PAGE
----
6,000 distance runners expected for Glass City Marathon

Runners in the full and half marathons start together at last year's Glass City Marathon. The 37th edition of the event takes place Sunday morning, beginning on the University of Toledo campus.
Runners in the full and half marathons start together at last year's Glass City Marathon. The 37th edition of the event takes place Sunday morning, beginning on the University of Toledo campus.

Those enjoying a sedentary lifestyle are struggling to escape from reminders of their inactivity thanks to a proliferation of distance runners and the tokens of pride they like to flash.

Window decals, blasting the numbers 13.1, 26.2, and, gulp, 100.2, have become as common a site at stoplights as political stickers during an election year.

Race t-shirts, some which are curiously stained with paint, remind us we recently got rid of tops that we, um, outgrew. Even glow sticks, items synonymous with the nontraditional crowd, have started to taunt our indolence.

Statistical and empirical evidence show the popularity of running cranked high, with both traditional and themed races popping up and reaching participants beyond the classical fitness buff.

Reflecting the craze is tomorrow’s Medical Mutual Glass City Marathon, which has grown by nearly 6,000 participants in five years.

The popularity of racing is reflected most in females, who will make up about 60 percent of tomorrow’s field, and in half marathons.

The 13.1-mile race has never been more popular, according to a study released last month by Running USA. For seven straight years ending in 2012, the number of U.S. half-marathon finishers has grown by 10 percent or more each year.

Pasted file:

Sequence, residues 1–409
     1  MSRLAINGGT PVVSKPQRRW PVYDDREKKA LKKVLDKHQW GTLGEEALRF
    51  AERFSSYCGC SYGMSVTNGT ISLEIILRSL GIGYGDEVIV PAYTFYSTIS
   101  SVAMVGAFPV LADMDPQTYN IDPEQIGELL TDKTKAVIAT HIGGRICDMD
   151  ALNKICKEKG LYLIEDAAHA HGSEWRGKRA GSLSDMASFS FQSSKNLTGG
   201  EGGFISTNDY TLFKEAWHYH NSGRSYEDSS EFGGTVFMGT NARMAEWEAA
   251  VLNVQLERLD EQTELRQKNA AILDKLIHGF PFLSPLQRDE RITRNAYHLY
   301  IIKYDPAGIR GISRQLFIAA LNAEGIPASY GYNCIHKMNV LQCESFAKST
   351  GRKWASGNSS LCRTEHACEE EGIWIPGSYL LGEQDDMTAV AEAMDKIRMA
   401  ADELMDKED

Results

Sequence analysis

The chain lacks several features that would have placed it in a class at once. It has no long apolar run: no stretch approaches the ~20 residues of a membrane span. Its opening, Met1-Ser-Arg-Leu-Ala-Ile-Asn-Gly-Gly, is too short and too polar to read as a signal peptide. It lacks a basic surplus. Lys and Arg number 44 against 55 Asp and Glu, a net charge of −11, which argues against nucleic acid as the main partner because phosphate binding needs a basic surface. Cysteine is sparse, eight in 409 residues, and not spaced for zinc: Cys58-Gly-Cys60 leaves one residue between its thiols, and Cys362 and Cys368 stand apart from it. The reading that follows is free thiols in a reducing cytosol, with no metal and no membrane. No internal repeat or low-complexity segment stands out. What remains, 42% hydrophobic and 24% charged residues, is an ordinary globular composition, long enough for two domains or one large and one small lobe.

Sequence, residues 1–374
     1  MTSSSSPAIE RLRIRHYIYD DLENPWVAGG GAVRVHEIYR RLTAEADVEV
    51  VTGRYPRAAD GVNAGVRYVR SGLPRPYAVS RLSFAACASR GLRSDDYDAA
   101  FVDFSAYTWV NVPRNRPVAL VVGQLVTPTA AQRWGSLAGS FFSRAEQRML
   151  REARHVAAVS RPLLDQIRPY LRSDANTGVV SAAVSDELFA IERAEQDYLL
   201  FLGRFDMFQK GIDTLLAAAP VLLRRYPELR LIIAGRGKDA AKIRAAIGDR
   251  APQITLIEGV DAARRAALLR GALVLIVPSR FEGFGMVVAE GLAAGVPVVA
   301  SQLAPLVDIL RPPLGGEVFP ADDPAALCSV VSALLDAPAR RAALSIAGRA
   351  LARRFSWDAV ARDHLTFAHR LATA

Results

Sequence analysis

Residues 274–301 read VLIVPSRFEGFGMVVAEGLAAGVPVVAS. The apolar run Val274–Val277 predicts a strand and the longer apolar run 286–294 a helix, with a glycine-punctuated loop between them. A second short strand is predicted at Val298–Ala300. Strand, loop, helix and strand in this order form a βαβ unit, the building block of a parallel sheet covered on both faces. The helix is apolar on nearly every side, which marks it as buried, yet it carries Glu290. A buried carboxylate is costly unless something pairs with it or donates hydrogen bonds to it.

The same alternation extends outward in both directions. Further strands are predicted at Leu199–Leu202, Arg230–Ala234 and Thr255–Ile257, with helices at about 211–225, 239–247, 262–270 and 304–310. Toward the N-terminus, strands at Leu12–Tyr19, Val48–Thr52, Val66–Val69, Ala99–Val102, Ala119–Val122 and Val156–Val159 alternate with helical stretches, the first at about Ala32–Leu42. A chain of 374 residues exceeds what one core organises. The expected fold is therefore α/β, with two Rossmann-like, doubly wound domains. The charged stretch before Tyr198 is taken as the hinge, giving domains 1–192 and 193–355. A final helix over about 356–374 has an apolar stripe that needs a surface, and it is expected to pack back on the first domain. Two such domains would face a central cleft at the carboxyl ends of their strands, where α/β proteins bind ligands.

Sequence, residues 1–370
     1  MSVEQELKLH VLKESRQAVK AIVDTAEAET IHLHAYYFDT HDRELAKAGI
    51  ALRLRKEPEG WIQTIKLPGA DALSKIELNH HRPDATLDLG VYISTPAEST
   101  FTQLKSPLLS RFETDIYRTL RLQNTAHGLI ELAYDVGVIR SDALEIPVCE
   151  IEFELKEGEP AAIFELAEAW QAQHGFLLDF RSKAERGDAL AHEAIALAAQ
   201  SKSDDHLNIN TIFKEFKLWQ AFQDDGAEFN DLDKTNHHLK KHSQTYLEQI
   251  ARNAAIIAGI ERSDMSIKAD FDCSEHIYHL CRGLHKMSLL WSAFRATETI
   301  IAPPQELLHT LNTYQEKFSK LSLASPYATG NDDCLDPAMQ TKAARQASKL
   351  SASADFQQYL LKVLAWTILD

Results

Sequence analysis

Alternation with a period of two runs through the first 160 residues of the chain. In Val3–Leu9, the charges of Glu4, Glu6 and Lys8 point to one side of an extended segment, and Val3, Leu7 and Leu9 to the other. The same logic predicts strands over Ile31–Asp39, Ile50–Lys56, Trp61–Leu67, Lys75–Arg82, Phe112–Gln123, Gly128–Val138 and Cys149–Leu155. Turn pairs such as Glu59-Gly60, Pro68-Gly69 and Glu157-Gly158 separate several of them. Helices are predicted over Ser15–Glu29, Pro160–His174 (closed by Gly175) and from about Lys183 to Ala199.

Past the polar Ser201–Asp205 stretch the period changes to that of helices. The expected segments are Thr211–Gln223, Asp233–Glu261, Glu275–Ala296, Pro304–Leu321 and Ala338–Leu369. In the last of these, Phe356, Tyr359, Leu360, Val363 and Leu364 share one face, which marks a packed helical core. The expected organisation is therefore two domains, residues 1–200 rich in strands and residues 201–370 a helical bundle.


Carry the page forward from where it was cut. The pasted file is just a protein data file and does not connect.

An estimated 1.85 million Americans finished a half marathon last year, a 14.9 percent increase from 2011, and 60 percent were women. Thirty inaugural half marathons sprouted in 2012.

The Glass City Marathon started a half marathon five years ago and has sold out every year, race director Clint McCormick said.

“More people are conscious now of health,” McCormick said. “They say, how do I get healthy? I’m going to sign up and commit to this half marathon.”

Half marathons are in vogue, McCormick believes, because “they don’t take as long to train for.” A full 26.2-mile marathon requires anywhere from six to nine months of preparation, and the typical athlete can run only one per year.

Other alternatives exist to draw a less fanatical crowd. The Color Run and the Glow Run, five-kilometer, un-timed races, have benefited from the running boom. Matt Folk, the general manager at Second Sole of Toledo, views these events as nonthreatening to purists and maybe as a breeding ground for more distinguished races.

“It’s good for the sport,” said Folk, a three-time Glass City Marathon winner. “It introduces new people to the sport that don’t normally do it. Maybe they do a color run and have a great experience and they say, let’s build up to a half marathon.”

For others, a half marathon, or even a marathon, is no longer challenging. They then might graduate to an ultra marathon, which is any race longer than 26.2 miles. UltraRunning Magazine reported that the number of runners who finished ultra-length trail races increased from 15,500 in 1998 to 52,000 in 2011.

The Western States 100-Mile Endurance Run, which started in 1974, claims the world’s oldest 100-mile trail race. It begins in Squaw Valley, Calif., near the site of the 1960 Winter Olympics, and ends 100.2 miles later in Auburn, Calif.

John Trent, president of the Western States board of trustees, is a 10-time finisher of the race. He says some participants are former marathon runners seeking something new, maybe because their marathon finish times have worsened. Others are in their early 20s and "not waiting to slow down."

“When I’m driving on the interstate and I see a 100.2 sticker, I say, that’s a pretty decent runner in the car next to me,” Trent said. “It’s silly, but I think it’s part of the way we all define ourselves in running.”